The Importance of Fun when Learning a Language

Comment ca vaAlmost anyone can learn a second language if they put their minds to it. With some effort and focus, you can achieve anything from beginner status to fluency. However, there is arguably still one thing you need—beyond educational tools, effort, and focus—in order to learn your chosen language well: fun.

The idea has been studied by observing children’s abilities to learn, and many educators are well-aware of it: the more fun you have when learning, the better your chances of retaining the information. Why this is so, who can say? Perhaps the pressure to perform in a serious situation hinders thought processes. Whatever the reasons, experiments have been conducted that show people are more likely to solve problems mentally when having fun than when they’re in a less fun environment.

Additionally, being creative with information while learning a language is very helpful. When the lesson involves asking the learner to take the information and be creative with it—rather than requiring standard memorization—retention is not the only thing improved; the learner’s in-depth comprehension of the information is enhanced, as well. Creativity and invention require you to take information and use it in different, but correct, ways. Upon completing something creative, you discover that you have a much stronger understanding than when you began.

El reino de los animalesWhether you’re a student, a teacher, or you’re learning on your own at home, never underestimate the power of pleasure in the learning process. Teachers can get creative with lessons. Students have fun with assignments by doing more with them at home. Other learners can go about learning in ways that make them more enjoyable. Having fun while learning will help retention, and being creative will spark improved abilities to solve those language problems.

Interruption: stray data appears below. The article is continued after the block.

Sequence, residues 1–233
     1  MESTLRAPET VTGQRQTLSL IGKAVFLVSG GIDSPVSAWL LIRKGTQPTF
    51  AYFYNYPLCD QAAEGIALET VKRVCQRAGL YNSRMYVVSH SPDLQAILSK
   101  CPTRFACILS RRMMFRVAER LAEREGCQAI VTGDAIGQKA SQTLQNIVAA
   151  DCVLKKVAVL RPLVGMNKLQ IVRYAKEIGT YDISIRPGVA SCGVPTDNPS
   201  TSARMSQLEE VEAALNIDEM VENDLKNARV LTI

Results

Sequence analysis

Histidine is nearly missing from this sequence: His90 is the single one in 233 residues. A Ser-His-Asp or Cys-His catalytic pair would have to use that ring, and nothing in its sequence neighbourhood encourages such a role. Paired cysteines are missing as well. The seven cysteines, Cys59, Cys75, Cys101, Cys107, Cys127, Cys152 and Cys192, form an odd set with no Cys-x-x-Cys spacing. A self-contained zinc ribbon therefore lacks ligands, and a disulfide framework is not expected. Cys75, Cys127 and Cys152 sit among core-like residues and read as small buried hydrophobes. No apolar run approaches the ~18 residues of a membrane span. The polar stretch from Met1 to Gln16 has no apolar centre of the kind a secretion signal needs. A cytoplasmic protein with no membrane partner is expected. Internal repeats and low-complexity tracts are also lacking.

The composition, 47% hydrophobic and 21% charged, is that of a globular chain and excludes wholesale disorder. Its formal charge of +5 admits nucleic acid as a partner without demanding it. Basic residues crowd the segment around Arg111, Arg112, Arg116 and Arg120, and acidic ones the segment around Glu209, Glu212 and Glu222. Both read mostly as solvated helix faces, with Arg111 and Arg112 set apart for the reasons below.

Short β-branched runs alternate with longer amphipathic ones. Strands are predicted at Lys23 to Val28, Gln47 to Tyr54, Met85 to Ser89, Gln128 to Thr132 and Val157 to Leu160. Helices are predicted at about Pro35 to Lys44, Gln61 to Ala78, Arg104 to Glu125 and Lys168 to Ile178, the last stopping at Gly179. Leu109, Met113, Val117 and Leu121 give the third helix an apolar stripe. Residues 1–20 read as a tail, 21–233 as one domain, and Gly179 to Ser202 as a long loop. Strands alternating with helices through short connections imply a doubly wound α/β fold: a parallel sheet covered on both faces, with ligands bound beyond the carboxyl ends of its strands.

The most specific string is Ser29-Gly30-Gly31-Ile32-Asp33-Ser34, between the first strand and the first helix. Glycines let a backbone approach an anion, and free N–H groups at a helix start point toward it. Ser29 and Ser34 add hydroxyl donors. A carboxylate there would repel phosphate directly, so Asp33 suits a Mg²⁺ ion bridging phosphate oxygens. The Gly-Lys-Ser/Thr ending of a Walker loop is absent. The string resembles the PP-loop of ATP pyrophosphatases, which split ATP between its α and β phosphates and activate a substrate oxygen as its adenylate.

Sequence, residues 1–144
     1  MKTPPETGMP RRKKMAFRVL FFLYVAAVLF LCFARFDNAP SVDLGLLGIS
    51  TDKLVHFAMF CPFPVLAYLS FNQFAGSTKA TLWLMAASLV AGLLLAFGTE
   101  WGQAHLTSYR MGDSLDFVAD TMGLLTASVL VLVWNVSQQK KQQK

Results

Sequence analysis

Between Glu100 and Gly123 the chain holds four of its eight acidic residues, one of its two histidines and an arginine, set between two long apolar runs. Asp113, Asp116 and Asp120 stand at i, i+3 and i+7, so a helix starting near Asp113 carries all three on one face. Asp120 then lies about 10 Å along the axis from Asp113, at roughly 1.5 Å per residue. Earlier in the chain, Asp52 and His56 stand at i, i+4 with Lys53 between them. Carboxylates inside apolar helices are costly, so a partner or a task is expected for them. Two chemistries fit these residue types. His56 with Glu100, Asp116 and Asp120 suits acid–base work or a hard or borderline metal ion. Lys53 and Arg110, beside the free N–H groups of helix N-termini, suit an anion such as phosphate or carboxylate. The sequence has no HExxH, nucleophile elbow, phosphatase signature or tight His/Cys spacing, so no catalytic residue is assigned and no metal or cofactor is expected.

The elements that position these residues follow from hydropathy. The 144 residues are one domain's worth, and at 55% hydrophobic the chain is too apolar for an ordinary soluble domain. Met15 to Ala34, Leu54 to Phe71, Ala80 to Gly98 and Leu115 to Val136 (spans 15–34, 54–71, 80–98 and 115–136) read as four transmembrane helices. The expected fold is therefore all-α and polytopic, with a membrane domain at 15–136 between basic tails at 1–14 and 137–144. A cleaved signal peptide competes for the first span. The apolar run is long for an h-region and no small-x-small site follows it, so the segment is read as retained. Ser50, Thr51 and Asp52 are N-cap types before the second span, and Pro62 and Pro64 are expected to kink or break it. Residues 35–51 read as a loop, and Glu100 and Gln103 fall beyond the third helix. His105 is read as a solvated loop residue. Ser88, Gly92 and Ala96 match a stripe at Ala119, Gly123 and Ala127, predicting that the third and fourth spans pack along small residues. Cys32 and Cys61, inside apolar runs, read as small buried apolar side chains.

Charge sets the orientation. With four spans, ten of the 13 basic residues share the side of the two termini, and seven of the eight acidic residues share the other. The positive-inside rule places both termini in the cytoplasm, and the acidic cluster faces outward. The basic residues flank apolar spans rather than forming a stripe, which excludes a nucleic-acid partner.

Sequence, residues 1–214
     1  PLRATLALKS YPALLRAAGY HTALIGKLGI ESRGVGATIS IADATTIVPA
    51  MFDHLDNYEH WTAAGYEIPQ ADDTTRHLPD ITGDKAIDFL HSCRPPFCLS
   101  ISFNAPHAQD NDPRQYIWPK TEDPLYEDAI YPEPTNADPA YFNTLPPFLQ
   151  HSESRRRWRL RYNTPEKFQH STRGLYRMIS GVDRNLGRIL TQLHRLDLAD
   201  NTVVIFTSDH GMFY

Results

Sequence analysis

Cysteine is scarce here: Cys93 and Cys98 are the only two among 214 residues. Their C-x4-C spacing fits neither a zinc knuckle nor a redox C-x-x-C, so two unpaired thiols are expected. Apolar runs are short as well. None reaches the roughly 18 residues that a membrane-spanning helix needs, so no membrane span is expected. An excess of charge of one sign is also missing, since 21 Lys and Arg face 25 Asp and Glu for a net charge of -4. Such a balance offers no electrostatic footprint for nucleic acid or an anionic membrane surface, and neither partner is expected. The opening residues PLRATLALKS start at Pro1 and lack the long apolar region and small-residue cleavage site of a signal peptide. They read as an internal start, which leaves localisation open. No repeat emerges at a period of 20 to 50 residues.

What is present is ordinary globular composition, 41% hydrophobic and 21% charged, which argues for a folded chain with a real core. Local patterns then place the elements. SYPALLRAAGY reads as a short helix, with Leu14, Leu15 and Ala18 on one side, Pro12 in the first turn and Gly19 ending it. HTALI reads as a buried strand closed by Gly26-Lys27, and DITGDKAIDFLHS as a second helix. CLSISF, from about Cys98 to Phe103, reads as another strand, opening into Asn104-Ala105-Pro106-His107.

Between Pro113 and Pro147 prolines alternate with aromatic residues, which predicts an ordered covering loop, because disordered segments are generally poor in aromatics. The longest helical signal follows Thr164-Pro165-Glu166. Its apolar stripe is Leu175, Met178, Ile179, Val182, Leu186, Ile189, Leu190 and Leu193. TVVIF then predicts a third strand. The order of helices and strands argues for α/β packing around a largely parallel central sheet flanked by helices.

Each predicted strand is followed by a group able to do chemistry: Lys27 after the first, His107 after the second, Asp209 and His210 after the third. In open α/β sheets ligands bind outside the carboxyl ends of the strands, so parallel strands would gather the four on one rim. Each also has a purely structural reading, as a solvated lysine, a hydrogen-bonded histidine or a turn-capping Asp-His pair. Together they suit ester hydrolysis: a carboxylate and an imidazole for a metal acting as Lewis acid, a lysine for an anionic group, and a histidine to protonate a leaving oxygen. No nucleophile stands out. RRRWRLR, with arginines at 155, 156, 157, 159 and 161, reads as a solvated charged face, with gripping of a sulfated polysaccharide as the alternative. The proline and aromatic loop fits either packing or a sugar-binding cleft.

If you need tools to help you make learning a language more fun, visit World of Reading. We have what anyone needs—teacher, student, at-home learner—to enjoy learning a language.

Your Brain on Language Education

Foreign Language. Concept - learning, speaking, travelThe brain is a fascinating thing about which we still have a lot to learn. Have you ever wondered what is going on in your brain when you do something, such as learn a new language? You are not alone; scientists have wondered the same and explored the notion.

MRI brain scans can sometimes tell us much about what we know of brains. They show us how active the brain becomes when we use it for any reason, including to learn. Studies have been conducted using this imaging technology, specifically to find out how the brain is affected by language education. Basically, the scan “lights up” in the areas of the brain doing the work, revealing what happens to the brain when a person hears a language, speaks it, comprehends it, or doesn’t comprehend it, but tries to do so.

Some results of these studies even suggested that the brain grows as a result of learning a new language. A Swedish study examined the brains of various individuals, some of whom were adept at learning a language, and others who were not. The MRI scans showed that certain areas of the brain for those students in language education appeared to grow in size. The scientists also learned that the people whose brains grew in the hippocampus and cerebral cortex areas generally appeared more skilled than others.

Research into the brain serves many functions and understanding how language helps us grow is merely one of them. But, time and time again, studies—be they of the brain or any other area—have shown that learning a language has few, if any, negative repercussions. This is your brain on language education: learning a new language is great for the mind, for social interaction, for understanding the world, for business interaction, and beyond.

We are all about learning a new language. Come get the tools you need to help your brain grow and your horizons broaden at World of Reading.

Friendship and Foreign Language

Language is about communication. There are many reasons to learn how to communicate in another language and ways to learn. Among all these is the most important: human communication. So, what better way to advance learning than by mixing friendship and foreign language?